The American farmer, long the backbone of our upstart and formerly agrarian society, is one of the proud archetypes we Yanks like to incorporate into our national identity (much like the cowboy and the Hasselhoff). The strong farmer, reserved in demeanor and stout in constitution, laboring dutifully for the good of the nation. It’s a powerful image. Know what else about farmers is powerful? Their lobbyists. How powerful you ask? Well, powerful enough that after agriculture and land use were excluded from regulation under Waxman-Markey, they got one of their favorite Congressmen (Collin Peterson, D-MN) to throw a tantrum and threaten to derail the whole bill unless he got what. In the name of the mighty farmer.
So now that farmers got what they want, that’s one less obstacle for climate legislation working through the Senate, right?
The American Farm Bureau Federation, the most powerful group in this most powerful lobby, has come out firmly against any climate bill. According to Reuters:
In a speech opening the four-day AFBF convention, Stallman said American farmers and ranchers “must aggressively respond to extremists” and “misguided, activist-driven regulation … The days of their elitist power grabs are over.”
Vast amounts of farmland could become carbon-capturing woodlands under cap-and-trade, “eliminating about 130,000 farms and ranches,” said Stallman. One federal analysis says 8 percent of crop and pasture land could be turned into trees by 2050 because trees would be more profitable than crops.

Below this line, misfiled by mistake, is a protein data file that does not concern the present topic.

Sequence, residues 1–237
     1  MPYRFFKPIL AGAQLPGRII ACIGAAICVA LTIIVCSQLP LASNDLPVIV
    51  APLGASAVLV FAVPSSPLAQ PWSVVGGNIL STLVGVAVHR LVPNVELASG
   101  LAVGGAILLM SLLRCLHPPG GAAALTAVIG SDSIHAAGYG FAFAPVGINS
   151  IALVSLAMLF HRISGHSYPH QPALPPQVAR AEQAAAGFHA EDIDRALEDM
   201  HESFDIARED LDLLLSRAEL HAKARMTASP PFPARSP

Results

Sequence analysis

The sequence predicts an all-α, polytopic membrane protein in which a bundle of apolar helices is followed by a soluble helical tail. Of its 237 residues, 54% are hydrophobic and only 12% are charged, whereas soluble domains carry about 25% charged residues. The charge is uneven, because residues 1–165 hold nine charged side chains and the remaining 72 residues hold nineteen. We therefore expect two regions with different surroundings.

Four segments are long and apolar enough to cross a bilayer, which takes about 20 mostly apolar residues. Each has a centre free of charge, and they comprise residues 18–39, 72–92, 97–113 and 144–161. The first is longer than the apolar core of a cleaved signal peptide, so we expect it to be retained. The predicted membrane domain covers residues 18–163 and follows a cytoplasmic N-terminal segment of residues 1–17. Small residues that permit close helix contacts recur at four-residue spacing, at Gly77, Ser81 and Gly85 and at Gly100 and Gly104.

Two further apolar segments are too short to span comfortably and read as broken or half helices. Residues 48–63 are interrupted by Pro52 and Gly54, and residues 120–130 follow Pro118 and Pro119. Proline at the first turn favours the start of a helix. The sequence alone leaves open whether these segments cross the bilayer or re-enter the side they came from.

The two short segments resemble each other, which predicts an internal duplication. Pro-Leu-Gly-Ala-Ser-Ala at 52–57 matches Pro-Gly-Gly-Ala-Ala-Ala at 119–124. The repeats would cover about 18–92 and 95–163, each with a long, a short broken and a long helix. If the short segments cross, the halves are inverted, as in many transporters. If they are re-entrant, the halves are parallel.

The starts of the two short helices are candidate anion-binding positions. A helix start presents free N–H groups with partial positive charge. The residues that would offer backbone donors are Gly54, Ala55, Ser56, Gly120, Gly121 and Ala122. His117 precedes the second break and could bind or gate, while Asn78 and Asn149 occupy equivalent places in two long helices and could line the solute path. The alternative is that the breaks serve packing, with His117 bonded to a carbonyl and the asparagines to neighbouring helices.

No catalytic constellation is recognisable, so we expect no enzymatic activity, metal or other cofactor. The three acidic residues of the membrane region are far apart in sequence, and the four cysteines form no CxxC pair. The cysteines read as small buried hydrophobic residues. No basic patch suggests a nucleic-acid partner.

On top of that, Rep. Peterson is having second thoughts about all his hard work being difficult last Spring:
Blue Dog Democrat Collin Peterson, who played a major role securing rural lawmakers’ support for cap-and-trade climate legislation this summer, now says he would vote “no” if a similar bill returned to the House for final passage.
The Agriculture Committee chairman said he was “stuck voting” for the bill (which awaits Senate action) in June because House Speaker Nancy Pelosi granted his requests for broad agriculture concessions, but he won’t support it again if it remains unchanged.
Man, I totally hate it when I get ‘stuck’ soing something I agreed to do in exactly for just about every concession I asked for. Poor Collin Peterson, 2009 was a rough year.
As for the Farm Bureau Federation and their concern that a swarm of carbon-hungry forests are going to swoop in and conquer the Grain Belt, they might yet be saved from the onslaught of immobile carbon zombie hordes, with their sinister foliage and penetrable cellulosic skin. A new study out of the University of Gothenburg in Sweden finds that paying people to preserve forests may not be sufficient to keep them standing. According to researchers Martin Persson and Christian Azar, a price on carbon from a cap-and-trade regime will drive demand for carbon-neutral fuel sources, such as palm-oil. This will compete directly with REDD schemes designed to pay for the preservation of tropical forests. In almost all the scenarios modeled in the study, clearing forests and planting palm oil is more profitable, meaning additional incentives aside from REDD program are necessary to keep forests standing.
While the study focuses on tropical forests and palm oil, and thus is not directly applicable to the Grain Belt per se, it does suggests that the competition for land between biofuels and forest carbon offset is not so cut and dry. Demand for biofuels from US sources has the potential to overwhelm demand for offsets, especially if cheaper international options are available. Farmers may yet be saved from being taken over by ravenous groves of fast growing trees. Thank God, because they need all the help they can get.